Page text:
1996 Mount Everest Tragedy
One Survivor’s Story
10 May 1996 is the date of the most historic tragedy in Mount Everest history. Eight climbers died. Lou Kasischke was there. He lived that story.
The setting is mountain climbing. The climbing events and the forces of nature were at the extreme, especially when things went wrong. The drama near the summit was high.
But the crux of the story has much in common with everyday life. This was Lou’s struggle with himself 400 feet from the summit, when he faced a tough decision and conflicting internal voices about what to do. The story is an example of how and where to go for the guidance and strength needed in such moments.
Lou tells the story about what happened and what went wrong. But Lou’s personal story is more than about being there. It’s also about his long aftermath journey to understand his experience, to find meaning in it, and to find guidance from it for his future goals and challenges.
The story is both sad and triumphant.
About the Author
Lou Kasischke has lived his entire life in Michigan, but his enduring love of the mountains and alpine endurance sports have taken him to many remote parts of the world, on all seven continents. Lou’s education includes a Bachelor of Arts degree in business and a Juris doctor degree in law from Michigan State University. Risk management was the major focus of his business degree from MSU. Already as a student, Lou was fascinated by risk, risk evaluation, and the concepts of taking and managing risk. For a career centered in finance analysis and law, he also became a certified public accountant and earned an advanced Master of Laws degree. Lou’s work career experiences were multi-dimensional. In law, this included 35 years with Dykema Gossett, a national law firm, as a specialist in corporate and tax law and in representing venture capital businesses. He authored a leading book on corporate law and was selected by his colleagues for all editions of The Best Lawyers in America, which represents about one percent of the nation’s lawyers. In business, Lou was a chief executive officer and a director and advisor to several major corporations on business and legal matters. His professional career, especially as a lawyer and a venture capital advisor, often focused on taking high-stakes business risks, managing risk, and making decisions with far-reaching consequences. This part of Lou’s life made his several decades as a serious mountain climber a natural extension. And it also explains his perspective and the important purpose that led him to closely examine, analyze, and explain what went wrong on Everest and his experience of being there, based on the facts that matter and not on the sensational and irrelevant. Lou is retired from law and business and lives on the northern shore of Lake Michigan. He remains active with alpine sports and other endurance challenges in the great outdoors.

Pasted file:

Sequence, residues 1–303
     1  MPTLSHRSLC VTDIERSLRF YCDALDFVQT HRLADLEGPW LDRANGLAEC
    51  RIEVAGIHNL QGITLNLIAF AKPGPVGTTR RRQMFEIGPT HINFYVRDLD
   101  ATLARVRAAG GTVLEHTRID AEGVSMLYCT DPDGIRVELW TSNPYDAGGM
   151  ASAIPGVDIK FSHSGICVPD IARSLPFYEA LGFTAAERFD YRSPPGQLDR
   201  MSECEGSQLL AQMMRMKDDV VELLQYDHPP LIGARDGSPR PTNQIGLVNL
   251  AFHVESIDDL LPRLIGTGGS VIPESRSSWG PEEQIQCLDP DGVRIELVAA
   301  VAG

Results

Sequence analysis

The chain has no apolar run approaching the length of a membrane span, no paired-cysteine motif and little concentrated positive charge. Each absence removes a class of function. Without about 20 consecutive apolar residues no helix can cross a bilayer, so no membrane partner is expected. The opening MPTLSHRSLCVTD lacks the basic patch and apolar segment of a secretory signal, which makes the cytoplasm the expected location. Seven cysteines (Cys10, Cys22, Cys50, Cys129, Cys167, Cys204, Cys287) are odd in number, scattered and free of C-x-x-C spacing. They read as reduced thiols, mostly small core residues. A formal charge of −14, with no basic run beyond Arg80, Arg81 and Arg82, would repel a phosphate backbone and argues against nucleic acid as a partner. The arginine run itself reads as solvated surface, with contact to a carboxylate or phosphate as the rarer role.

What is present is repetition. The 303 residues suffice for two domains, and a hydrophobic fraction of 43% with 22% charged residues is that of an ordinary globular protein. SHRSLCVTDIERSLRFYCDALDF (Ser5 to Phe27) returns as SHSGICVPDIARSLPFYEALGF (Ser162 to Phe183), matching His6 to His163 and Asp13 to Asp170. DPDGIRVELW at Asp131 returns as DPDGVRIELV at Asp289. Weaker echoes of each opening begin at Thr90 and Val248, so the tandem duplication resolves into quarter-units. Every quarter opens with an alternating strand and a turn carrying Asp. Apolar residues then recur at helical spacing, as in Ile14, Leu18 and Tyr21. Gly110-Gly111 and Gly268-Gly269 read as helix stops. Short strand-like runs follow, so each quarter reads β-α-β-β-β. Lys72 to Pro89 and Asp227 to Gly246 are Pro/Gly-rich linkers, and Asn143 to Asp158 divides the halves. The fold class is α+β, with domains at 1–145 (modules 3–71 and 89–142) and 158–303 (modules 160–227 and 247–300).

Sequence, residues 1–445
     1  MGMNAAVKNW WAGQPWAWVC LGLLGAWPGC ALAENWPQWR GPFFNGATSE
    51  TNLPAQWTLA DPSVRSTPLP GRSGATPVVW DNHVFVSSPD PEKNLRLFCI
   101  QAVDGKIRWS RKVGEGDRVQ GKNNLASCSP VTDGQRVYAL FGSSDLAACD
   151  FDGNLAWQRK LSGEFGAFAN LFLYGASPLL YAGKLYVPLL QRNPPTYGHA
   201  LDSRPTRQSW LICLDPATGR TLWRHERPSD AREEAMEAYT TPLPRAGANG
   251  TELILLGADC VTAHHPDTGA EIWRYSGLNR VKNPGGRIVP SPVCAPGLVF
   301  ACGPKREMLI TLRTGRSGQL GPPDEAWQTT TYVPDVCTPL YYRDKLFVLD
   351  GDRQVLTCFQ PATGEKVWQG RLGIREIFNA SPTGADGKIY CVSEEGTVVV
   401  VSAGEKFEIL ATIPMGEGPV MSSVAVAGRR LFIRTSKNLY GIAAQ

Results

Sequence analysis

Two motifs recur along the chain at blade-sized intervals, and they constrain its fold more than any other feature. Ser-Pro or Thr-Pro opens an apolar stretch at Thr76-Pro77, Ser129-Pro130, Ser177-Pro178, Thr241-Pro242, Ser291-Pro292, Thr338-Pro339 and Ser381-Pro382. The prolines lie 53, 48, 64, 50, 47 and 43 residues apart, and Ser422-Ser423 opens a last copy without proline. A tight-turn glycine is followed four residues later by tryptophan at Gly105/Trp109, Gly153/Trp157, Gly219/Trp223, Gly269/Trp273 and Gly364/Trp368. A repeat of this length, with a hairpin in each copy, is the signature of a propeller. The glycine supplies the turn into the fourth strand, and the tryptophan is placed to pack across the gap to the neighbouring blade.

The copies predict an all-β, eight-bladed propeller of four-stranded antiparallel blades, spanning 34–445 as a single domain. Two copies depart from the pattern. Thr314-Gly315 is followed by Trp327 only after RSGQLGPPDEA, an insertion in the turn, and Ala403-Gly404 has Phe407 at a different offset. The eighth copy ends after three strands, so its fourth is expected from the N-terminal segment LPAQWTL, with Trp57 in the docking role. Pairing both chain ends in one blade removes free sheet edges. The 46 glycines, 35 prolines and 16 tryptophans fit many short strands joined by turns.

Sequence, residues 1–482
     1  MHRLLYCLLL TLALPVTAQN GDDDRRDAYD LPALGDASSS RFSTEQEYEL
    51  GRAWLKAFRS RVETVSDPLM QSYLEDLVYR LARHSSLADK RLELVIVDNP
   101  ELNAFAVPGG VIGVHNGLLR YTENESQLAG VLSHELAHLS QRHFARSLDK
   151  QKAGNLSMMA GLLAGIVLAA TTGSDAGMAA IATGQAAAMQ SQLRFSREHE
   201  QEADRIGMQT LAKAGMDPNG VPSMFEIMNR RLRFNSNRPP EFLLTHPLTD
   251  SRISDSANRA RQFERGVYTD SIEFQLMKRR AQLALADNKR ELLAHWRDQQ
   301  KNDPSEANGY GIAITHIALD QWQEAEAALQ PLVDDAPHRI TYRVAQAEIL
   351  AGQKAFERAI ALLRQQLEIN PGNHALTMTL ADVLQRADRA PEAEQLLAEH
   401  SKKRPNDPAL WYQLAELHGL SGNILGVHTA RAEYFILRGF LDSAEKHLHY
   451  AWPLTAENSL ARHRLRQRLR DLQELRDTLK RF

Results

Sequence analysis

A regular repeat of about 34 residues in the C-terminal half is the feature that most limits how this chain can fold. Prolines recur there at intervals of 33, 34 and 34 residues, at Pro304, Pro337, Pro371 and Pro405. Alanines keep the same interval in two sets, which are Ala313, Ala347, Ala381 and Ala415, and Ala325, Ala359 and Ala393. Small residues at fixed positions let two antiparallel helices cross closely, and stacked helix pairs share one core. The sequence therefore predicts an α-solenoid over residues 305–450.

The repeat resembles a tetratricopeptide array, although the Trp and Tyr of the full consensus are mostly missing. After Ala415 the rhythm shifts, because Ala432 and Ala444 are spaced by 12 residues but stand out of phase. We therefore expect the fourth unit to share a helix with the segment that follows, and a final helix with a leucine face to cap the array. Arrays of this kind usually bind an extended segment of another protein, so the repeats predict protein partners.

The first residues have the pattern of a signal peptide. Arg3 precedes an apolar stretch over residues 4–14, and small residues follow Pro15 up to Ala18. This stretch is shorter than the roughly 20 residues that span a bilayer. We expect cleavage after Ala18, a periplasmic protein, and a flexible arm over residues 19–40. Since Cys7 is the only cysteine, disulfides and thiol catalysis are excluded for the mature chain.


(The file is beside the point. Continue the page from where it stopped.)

"A vivid, intimate memoir that with great clarity and attention to detail, tells an unforgettable survival story." -- Kirkus Reviews (starred review)
"After The Wind is a thoughtful, well written love story of Kasischke's dedication to his wife and anchor Sandy and his passion for climbing." -- BlueInk Reviews (starred review)
"A through analysis of the 1996 Everest disaster... and the best preparation for my Everest assent." -- Jean Pavillard, IFMGA Swiss Mountain Guide
"Kasischke's account provides an eye-opening look at the perils and extreme conditions on Everest. Evocative illustrations by Jane Cardinal further enhance the text, and includes maps and time lines." -- Publishers Weekly
"Kasischke chronicles the events not only to recover some truth from the sensationalism surrounding that fateful day, but also to share a deeply personal story of the enduring power of love. ... Kasischke attributes his survival to the promises he made to 'live a story he can tell,' and 'come back home' .... After The Wind is decidedly genuine in the construction ... and Kasischke presents his story humbly as one man's experience of a horrific day" -- New Orleans Review
"This riveting book examines what went wrong before and during the expedition ... including a series of ill-advised decisions just below the summit .... Kasischke also examines what holds true when all else fails, when survival is no longer likely. He offers a fascinatingly personal look at what he believes saved him. Ultimately, this is a survival story about love --of mountaineering, of God, and of the deep and abiding bond between a husband and wife." -- The US Review of Books